# The Generalized Trust-Region Sub-Problem with Additional Linear Inequality Constraints—Two Convex Quadratic Relaxations and Strong Duality

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## Abstract

**:**

## 1. Introduction

- (i)
- Under a regularity condition, we present two convex quadratic relaxations (CQRs) under two different conditions for problem (1) that minimize a linear objective function subject to two convex quadratic constraints with a fixed number of additional linear inequality constraints. Our CQRs are inspired by the one proposed for GTRS in Reference [29]. Then we derive sufficient conditions under which problem (1) is equivalent to exactly one of the CQRs and the optimal solution of (1) can be recovered from an optimal solution of the CQRs. These sufficient conditions are easy to verify and involve only one (any) optimal solution of CQRs. We also show that under these conditions the attractive features of GTRS such as strong Lagrangian duality and exact SDO-relaxation hold for (1). It should be noted that in the case of GTRS, the CQRs reduce to the ones proposed in Reference [29]. The CQRs are always exact for GTRS but in the presence of linear constraints, they are not exact in general.
- (ii)
- Exploiting the results in (i), we also derive sufficient conditions that are expressed in terms of the data of the model problem (1) for exactness of the CQRs, strong Lagrangian duality and consequently for tightness of the SDO-relaxation. In the case of eTRS, these sufficient conditions reduce to the one presented in Reference [17] that is the existing best results in the literature. As a consequence, we present necessary and sufficient conditions for global optimality of problem (P) under the new condition together with the Slater condition. We also obtain a form of S-lemma for the system of two quadratic and a fixed number of linear inequalities.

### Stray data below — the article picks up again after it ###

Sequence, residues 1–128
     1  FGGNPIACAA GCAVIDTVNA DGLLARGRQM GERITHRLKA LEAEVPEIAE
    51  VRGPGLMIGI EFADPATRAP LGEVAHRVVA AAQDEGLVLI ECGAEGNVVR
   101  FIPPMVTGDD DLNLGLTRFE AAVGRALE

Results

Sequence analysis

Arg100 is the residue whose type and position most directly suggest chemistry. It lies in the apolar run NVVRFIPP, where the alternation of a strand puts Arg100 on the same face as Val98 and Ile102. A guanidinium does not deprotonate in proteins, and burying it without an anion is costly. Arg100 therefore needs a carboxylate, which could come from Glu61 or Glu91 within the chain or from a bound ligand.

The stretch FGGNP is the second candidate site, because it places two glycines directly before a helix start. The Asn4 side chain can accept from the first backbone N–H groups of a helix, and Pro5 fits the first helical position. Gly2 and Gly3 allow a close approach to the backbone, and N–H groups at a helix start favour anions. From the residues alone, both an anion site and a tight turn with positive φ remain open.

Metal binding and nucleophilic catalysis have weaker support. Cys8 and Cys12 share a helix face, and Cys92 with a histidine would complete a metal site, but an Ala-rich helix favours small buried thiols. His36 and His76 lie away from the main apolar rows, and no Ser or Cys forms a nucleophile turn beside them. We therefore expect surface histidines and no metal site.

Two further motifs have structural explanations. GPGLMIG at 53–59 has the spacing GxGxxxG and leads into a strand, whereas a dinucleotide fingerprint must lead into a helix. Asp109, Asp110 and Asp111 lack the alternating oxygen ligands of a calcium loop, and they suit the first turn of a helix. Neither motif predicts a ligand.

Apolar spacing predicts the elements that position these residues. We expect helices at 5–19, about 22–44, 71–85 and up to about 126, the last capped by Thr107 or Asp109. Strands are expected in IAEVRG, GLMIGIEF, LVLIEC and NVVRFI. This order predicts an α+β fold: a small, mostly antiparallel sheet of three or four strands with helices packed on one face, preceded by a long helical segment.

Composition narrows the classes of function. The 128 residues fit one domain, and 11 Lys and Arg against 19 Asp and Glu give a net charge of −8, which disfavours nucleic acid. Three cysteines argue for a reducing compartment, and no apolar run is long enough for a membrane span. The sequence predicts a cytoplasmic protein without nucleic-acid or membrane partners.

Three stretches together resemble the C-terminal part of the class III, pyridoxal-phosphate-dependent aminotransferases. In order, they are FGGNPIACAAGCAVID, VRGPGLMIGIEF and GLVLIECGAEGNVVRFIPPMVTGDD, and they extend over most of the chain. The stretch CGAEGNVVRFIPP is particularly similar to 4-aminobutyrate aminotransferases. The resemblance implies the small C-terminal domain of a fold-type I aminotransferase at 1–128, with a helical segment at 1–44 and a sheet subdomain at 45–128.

- (iii)
- The sufficient conditions in (i) and (ii) ensure the exactness of the CQRs and the SDO-relaxation of problem (1). It is worth noting that solving large-scale semidefinite problems is still an intractable task. In contrast, the CQRs are significantly more tractable than SDOs, and advanced commercial software is available to solve them [30].

**Notation**

**1.**

## 2. Convex Quadratic Relaxation, Global Minimization and Strong Duality

**Assumption**

**1.**

**Assumption**

**2.**

**Lemma**

**1.**

**Proof.**

**Condition**

**1.**

**Condition**

**2.**

**Lemma**

**2.**

**Proof.**

**Example**

**1.**

**Theorem**

**1.**

- (1)
- ${h}_{1}\left({x}^{*}\right)={h}_{2}\left({x}^{*}\right)={t}^{*}$.
- (2)
- ${h}_{1}\left({x}^{*}\right)<{t}^{*}$ and there exists nonzero $z\in \mathit{Null}(A+{\lambda}_{2}B)$ such that ${(a+{\lambda}_{2}b)}^{T}z=0$ and ${c}_{i}^{T}z\le 0$ for $i=1,\dots ,m$.
- (3)
- ${h}_{2}\left({x}^{*}\right)<{t}^{*}$ and ${\widehat{\lambda}}_{1}=0$.
- (4)
- ${h}_{2}\left({x}^{*}\right)<{t}^{*}$, ${\widehat{\lambda}}_{1}>0$ and there exists nonzero $z\in \mathit{Null}(A+{\lambda}_{1}B)$ such that ${(a+{\lambda}_{1}b)}^{T}z=0$ and ${c}_{i}^{T}z\le 0$ for $i=1,\dots ,m$.

**Proof.**

**Theorem**

**2.**

- (1)
- ${q}_{2}\left({x}^{*}\right)=0$.
- (2)
- ${q}_{2}\left({x}^{*}\right)<0$ and there exists nonzero $z\in \mathit{Null}(A+{\widehat{\lambda}}_{1}B)$ such that ${(a+{\widehat{\lambda}}_{1}b)}^{T}z=0$ and ${c}_{i}^{T}z\le 0$ for $i=1,\dots ,m$.

**Proof.**

## 3. New Conditions for Strong Duality and Exact SDO-Relaxation

**Consider**

**3.**

- 1.
- Condition 1 holds, ${\widehat{\lambda}}_{1}=0$ and there exists nonzero $z\in \mathit{Null}(A+{\lambda}_{2}B)$ such that ${(a+{\lambda}_{2}b)}^{T}z\le 0$ and ${c}_{i}^{T}z\le 0$ for $i=1,\dots ,m$.
- 2.
- Condition 1 holds, ${\widehat{\lambda}}_{1}>0$, there exist nonzero ${z}_{1}\in \mathit{Null}(A+{\lambda}_{1}B)$ and ${z}_{2}\in \mathit{Null}(A+{\lambda}_{2}B)$, such that ${(a+{\lambda}_{1}b)}^{T}{z}_{1}\le 0$, ${(a+{\lambda}_{2}b)}^{T}{z}_{2}\le 0$, ${c}_{i}^{T}{z}_{1}\le 0$ and ${c}_{i}^{T}{z}_{2}\le 0$ for $i=1,\dots ,m$.
- 3.
- Condition 2 holds and there exists nonzero $z\in \mathit{Null}(A+{\widehat{\lambda}}_{1}B)$ such that ${(a+{\widehat{\lambda}}_{1}b)}^{T}z\le 0$ and ${c}_{i}^{T}z\le 0$ for $i=1,\dots ,m$.

**Lemma**

**3.**